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How Chores Can Help Your Child’s Development

By: Donna Chaffins | Date: June 1, 2013 | Categories: Children, Guest Posts, Parenting

Guest Post

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Tired? Worn through from the household grind of shopping, cooking, chasing the cat and keeping the house tidy? Only to discover an enormous child-caused-mess the second you turn your back? Then why not get your kids to help you out?

Saving you time, while teaching them empathy, and some good ol’ fashioned discipline and responsibility, chores are the best introduction you can give your kids to the world of work. Great for their development, chores teach the important skills they’ll need to become productive independent adults – from teamwork to time management, to respecting the boss!

Instilling responsibility and confidence

Letting them know what you expect, chores are a sign to your kids that you trust them and value their contributions; boosting their confidence. Giving them that first taste of responsibility and independence (for young kids who just want to be big and grown up this is a huge step!), you should encourage and praise them for completing tasks to a set standard to develop their sense of pride – never allow them to just rush tasks through!

Developing a sense of monetary value and work ethics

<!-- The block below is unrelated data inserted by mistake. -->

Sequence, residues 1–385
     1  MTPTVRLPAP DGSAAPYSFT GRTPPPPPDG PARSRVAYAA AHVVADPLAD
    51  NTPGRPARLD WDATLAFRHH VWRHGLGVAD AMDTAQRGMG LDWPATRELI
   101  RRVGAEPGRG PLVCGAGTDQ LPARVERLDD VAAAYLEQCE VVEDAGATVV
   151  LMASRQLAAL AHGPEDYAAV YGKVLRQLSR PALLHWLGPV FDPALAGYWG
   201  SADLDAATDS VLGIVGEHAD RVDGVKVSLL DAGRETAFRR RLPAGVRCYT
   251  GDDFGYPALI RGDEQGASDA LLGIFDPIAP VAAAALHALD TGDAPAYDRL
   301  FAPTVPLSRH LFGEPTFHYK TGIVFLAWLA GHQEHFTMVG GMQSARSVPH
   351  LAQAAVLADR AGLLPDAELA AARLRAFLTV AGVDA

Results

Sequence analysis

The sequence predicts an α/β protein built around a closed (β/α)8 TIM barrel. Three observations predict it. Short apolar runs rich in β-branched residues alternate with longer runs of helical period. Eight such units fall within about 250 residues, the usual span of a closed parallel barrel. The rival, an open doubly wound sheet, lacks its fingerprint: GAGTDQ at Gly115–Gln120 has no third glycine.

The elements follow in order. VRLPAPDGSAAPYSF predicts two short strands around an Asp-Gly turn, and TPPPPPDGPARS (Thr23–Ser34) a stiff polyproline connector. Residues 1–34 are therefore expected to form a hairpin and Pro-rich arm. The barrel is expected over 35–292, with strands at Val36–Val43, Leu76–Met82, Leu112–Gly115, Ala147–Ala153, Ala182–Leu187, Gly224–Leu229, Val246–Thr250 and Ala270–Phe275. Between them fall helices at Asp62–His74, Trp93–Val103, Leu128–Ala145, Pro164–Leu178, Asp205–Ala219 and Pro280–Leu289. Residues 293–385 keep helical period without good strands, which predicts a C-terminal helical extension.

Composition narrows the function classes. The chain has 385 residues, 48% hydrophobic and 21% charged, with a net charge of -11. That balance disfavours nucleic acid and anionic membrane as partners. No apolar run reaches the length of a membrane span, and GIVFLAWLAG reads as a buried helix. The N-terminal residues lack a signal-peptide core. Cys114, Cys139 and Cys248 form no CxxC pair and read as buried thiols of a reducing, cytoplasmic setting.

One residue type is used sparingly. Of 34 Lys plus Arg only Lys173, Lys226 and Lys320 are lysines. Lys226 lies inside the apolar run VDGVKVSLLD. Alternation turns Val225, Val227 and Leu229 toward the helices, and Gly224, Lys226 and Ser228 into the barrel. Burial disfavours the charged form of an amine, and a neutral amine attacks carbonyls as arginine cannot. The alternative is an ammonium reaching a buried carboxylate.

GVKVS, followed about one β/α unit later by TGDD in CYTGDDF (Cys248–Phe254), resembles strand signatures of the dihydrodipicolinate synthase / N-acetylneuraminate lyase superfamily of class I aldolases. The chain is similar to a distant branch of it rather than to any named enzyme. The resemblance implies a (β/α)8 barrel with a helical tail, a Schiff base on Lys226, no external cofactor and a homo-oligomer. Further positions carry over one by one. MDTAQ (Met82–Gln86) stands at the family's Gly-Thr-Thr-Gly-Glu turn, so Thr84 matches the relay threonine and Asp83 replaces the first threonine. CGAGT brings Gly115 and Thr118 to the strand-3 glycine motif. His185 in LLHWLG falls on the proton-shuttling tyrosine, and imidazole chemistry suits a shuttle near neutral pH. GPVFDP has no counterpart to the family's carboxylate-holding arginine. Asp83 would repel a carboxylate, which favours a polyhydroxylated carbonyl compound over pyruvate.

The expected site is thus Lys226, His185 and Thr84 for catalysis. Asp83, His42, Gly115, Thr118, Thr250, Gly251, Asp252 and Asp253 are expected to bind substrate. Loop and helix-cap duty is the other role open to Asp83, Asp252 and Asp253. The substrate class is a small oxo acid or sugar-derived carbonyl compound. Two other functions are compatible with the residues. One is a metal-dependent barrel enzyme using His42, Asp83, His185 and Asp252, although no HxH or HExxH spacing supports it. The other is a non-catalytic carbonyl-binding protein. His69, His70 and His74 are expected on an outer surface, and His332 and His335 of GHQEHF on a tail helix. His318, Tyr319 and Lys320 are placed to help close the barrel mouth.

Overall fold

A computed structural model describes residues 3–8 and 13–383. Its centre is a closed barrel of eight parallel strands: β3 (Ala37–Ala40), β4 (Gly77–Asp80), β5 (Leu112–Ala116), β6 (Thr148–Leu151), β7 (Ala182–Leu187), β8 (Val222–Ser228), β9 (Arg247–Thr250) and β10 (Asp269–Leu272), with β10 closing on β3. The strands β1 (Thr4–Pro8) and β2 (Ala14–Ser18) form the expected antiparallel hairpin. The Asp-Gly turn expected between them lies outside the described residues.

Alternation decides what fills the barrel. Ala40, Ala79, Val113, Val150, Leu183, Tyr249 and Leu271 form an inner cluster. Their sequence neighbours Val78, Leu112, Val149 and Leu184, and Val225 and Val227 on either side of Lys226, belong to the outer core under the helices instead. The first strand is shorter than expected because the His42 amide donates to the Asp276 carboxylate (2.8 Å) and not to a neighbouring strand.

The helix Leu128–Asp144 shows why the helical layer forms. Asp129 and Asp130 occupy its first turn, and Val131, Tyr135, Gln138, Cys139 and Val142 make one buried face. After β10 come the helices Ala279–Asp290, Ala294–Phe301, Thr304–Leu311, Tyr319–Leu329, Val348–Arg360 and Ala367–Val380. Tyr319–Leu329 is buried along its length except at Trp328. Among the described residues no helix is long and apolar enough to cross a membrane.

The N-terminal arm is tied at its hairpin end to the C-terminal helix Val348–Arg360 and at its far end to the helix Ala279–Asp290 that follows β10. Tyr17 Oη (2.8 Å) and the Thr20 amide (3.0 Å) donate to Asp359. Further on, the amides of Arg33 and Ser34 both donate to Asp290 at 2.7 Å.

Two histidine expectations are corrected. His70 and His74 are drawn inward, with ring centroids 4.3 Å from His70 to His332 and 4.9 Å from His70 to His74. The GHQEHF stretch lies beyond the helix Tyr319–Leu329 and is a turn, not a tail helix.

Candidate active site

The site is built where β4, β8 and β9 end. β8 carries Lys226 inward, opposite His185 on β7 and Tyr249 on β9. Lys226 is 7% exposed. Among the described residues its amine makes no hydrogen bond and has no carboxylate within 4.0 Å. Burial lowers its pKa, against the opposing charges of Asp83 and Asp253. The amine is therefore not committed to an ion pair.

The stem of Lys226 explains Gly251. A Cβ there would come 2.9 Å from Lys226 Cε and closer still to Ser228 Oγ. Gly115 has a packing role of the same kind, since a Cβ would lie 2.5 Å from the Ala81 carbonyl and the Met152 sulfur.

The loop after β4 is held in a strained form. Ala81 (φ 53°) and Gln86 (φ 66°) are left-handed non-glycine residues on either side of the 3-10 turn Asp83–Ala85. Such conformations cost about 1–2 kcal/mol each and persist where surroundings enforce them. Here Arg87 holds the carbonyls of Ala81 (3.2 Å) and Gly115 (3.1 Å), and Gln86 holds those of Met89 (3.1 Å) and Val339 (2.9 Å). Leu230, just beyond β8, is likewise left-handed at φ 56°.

If you give your kids any form of pocket money or allowance, chores are great for encouraging them to earn it, developing their sense of monetary worth through hard work, and hopefully instilling in them a sense that what they’ve earned is valuable – so to budget and save! But while monetary motivation can be the first step to success for budding entrepreneurs, try not to cash incentivise too much. It’s just as important that kids develop a sense of satisfaction from ‘a job well done’ because it needs to be, not just because there’s a reward.

Increasing appreciation and empathy, while helping you out

If your kids don’t understand the hard work you put into household chores, how can you expect them to respect the results? Let kids know it’s not ‘the laundry fairy’ who folds their socks by making them do it themselves! You’ll be surprised at how quickly they start to respect, and carefully put away that neat pile of washing!

Teaching kids appreciation and empathy, this helps them respect and understand the reasons why you want them to help out. Most kids will be very caring and motivated if they can see a reason for chores – even with tasks they don’t really like – empowering you as a parent and saving everyone time for more fun things!

Asserting family power balance and discipline